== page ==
And what is, indeed, the difference? From the article, Jeff's post about it, and your comments as well, the only way to tell is after the fact. But this is only because there is no difference whatsoever in receiving an affirmation from the Spirit when it was wrong and when it was right. It's a bit like you're flipping a coin and acting on impulse if it lands on heads 'cause there's some sort of mystical affirmation every time it lands on heads instead of tails. That's definitely not the process, but that's how reliable it seems.

So when you say "Just because you, I, and others, have wrongly interpreted the true voice or believed a wrong one, that is not any reason to suppose that there is no true voice, no means of improving on how we heed it, and that we cannot improve in discerning the difference between false voices and the true one. "

I agree that there's no reason to suppose there isn't one. There's just no evidence that the means Mormonism gives are any more reliable than just going with your gut. And so I see no reason to believe that prayerful affirmations, like the one promised by Moroni, are reliable.

It all sounds very speculative. Like blind faith in God, only this time, in prayer. It has no power to guide someone through the many different religions out there and into your definition of the full truth, and all you can say about it is the same thing everyone else says: he's not in tune with the spirit because of this, this, and that.

NathanS said...

"And what is, indeed, the difference? From the article, Jeff's post about it, and your comments as well, the only way to tell is after the fact. But this is only because there is no difference whatsoever in receiving an affirmation from the Spirit when it was wrong and when it was right."

Sometimes I can tell long before there are any results by which to judge. And so do many others.

For some, learning to recognize and understand the Spirit is like learning to recognize someone’s voice. For others, such as myself, it is more like learning a language. Over many years, I’ve learned to speak Spanish fluently but with a severely limited vocabulary. One Sunday I visited with someone in Spanish and we communicated fairly well for quite a while until he changed the topic of conversation. Then I understood nothing. As far as I could tell, he could have been speaking a different language. The same with the Holy Spirit.

We cannot be expected to have the same confidence in what we hear from the Spirit in every communication. Sometimes we will be sure. Sometimes unsure. But the surety that sometimes comes may only come after repeated experience with the influence of the Spirit as if it were another language.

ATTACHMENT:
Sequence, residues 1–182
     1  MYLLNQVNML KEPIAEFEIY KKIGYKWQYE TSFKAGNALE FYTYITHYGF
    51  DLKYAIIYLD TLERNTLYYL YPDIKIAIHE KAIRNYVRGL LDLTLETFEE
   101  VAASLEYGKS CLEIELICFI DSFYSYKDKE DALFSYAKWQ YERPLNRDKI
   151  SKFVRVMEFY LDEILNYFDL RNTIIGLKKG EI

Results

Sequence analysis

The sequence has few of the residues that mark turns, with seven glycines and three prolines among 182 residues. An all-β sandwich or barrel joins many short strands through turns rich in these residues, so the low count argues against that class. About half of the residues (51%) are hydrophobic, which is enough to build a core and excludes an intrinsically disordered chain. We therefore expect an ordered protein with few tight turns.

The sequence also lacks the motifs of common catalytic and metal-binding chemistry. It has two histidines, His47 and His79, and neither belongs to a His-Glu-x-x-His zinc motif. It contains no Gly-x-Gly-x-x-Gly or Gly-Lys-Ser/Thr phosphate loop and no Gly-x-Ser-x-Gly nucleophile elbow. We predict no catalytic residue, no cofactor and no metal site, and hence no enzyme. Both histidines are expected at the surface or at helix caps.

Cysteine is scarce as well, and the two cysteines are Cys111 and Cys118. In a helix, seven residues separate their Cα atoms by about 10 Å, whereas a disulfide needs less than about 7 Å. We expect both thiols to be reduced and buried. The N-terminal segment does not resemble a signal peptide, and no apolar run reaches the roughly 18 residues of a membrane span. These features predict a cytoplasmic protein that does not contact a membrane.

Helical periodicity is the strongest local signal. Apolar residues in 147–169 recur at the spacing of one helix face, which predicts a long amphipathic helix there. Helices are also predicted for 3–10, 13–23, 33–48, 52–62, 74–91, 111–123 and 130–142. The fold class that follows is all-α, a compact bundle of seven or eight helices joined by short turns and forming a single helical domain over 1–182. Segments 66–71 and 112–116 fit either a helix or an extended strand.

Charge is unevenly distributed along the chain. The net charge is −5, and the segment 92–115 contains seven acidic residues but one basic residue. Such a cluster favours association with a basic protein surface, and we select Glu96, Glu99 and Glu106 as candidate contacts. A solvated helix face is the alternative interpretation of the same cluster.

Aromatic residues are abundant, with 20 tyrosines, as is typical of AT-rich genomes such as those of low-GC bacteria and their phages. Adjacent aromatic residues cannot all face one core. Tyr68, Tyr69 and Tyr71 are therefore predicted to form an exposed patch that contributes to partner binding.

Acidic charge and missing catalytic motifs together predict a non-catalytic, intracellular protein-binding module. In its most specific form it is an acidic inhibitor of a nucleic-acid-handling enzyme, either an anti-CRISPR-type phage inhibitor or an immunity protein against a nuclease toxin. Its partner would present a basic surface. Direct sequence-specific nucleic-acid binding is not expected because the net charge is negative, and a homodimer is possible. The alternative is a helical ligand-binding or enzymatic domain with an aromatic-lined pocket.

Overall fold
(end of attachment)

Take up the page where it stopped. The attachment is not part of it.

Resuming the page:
Papa D said...

openminded, I think the point that Brother Card and Jeff are making (at least one of them) is similar to your question in *most* instances for *most* people. I know I often cannot distinguish between my own thoughts and inspiration - and I'm not sure there is a distinction in many cases, especially given our belief in the Gift of the Holy Ghost. That aspect of our theology muddies the water incredibly, imo.

However, there have been a few times in my life when the FACT that I was receiving inspiration / revelation was unmistakable *in the moment*. There literally is no other explanation that makes any sense, given the exact nature of what occurred.

Having said that, I agree totally that there is a difference in how each of us should act in relation to what we think is inspiration in most cases - especially if it involves others in some way. "Personal revelation" is one thing; promptings that affect others are something else entirely.

The best example of this, perhaps, is the silly example of a young man who believes he has received revelation / an answer to a prayer / whatever that he should marry a young woman. Fine. Accurate or not, that "revelation" is his alone and has NO bearing on anyone else - unless he then communicates that experience with the young woman in question and attempts to use it to bring pressure to her to accept it as actual revelation.

The proper response on the part of the young woman (an actual response I heard from a friend who was told that by a young man) is something like:

"Great. When the Lord wants me to accept that, He will give me a similar revelation. I'll get back to you if that happens."